20 Years back our current Prime minister and then the Finance minister, explained and addressed the need of urgency to implement the economic reforms. Now he is both the PM and FM of this country.

India was on the verge of bankruptcy on the sovereign debt, because of the high current account deficit. The fault that is directly proportional increase levels of foreign debt and steep fiscal deficit ( gap b/w government’s exp and earnings). The country’s Foreign exchange reserves were not enough to pay the debt.

The reforms proposed by Dr Singh in 1991 got India out of the mess and lead to a growth of 8% in the GDP.

As of today, the govt targeted 9% has slowed down to 6.5% for the current year ending March 2012.The reform process has all but stalled. India’s current and fiscal deficits are both high, and a recent government bill to provide food security to India’s masses, will likely worsen India’s financial burden.

Current Account Deficit (The difference between a nation’s total exports of goods, services and transfers, and its total imports of them)

THEN: The current account deficit was estimated to be “more than 2.5% of gross domestic product in 1990-91,” said Mr. Singh in his speech. He described India’s balance of payments situation as “exceedingly difficult.”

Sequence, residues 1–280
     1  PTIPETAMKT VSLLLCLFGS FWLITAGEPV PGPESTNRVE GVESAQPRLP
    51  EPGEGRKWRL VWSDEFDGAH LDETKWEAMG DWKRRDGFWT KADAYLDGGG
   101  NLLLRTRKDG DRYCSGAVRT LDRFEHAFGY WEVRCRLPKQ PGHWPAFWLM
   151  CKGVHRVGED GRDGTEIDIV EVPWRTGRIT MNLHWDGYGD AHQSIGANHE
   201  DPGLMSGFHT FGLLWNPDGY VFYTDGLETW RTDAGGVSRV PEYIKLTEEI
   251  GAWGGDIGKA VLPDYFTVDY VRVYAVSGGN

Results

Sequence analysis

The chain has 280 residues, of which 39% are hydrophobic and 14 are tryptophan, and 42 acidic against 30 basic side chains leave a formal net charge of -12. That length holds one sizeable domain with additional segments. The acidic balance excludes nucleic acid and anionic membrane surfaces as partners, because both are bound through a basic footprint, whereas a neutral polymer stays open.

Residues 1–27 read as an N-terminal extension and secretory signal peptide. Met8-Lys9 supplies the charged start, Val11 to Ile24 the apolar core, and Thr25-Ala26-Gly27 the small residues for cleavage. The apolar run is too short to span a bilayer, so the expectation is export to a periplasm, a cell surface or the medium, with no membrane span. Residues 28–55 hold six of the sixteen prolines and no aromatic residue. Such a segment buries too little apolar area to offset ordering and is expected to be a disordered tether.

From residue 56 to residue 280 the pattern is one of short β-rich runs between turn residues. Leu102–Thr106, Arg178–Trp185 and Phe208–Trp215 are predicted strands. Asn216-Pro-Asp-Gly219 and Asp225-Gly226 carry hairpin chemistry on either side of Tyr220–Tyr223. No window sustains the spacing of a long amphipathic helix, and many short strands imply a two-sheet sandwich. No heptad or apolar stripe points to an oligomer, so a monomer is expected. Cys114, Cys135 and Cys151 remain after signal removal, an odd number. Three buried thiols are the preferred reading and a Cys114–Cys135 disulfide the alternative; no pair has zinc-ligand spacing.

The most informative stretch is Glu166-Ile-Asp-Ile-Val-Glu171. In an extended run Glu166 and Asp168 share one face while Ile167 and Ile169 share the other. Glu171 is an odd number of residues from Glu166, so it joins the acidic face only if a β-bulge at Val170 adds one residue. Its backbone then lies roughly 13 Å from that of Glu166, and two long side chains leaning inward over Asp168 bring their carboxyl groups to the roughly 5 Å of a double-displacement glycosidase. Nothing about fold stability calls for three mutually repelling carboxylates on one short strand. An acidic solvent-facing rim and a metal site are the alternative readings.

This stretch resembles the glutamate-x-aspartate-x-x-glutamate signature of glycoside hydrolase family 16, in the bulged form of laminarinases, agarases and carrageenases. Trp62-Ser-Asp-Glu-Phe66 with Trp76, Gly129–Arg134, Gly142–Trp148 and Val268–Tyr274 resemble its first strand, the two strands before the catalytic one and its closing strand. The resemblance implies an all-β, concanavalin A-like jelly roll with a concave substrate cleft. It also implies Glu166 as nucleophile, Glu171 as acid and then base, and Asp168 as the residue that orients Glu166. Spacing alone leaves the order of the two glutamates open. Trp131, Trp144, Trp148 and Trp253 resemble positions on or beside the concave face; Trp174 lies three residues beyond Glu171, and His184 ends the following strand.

NOW: For years after the 1991 crises, the Indian government contained the current account deficit to less than 2% of GDP. But in recent years, the deficit has ballooned to 1991-like levels, thanks partly to higher imports and more recently lower exports. For the year through March 2012, economists expect the deficit to come at around 3% of GDP


Fiscal Deficit (The difference between the government’s total revenue and its expenditure)

THEN: The fiscal deficit is “estimated at more than 8% of GDP in 1990-91,” said Mr. Singh in his speech, calling it “a cause for serious concern.” He said “It should be our objective to progressively reduce the fiscal deficit of the Central Government…and to reduce the current account deficit in the balance of payments.”

NOW: The fiscal deficit for the year-ended March 2012 is expected to come in at 5.5% or 6% of GDP, much higher than the government’s targeted 4.6%. The food subsidy bill will add to this burden, say economists, unless the government cuts back on its expenditure proportionately.


Then: 12.1% the poorer section of the society where the worst sufferers of the high prices.

Now: The Reserve Bank of India has been battling 9% to 10% inflation, by increasing benchmark interest rates 13 times

No Power on earth can stop an idea whose time has come.  I suggest that the emergence of India as a major economic power in the world happens to be one such idea. Let the whole world hear it loud and clear. India as a nation wide awake, we shall prevail, we shall overcome.

lets simply procedures for Indian investors and increase awareness and penetration before we worry about foreign retail investors!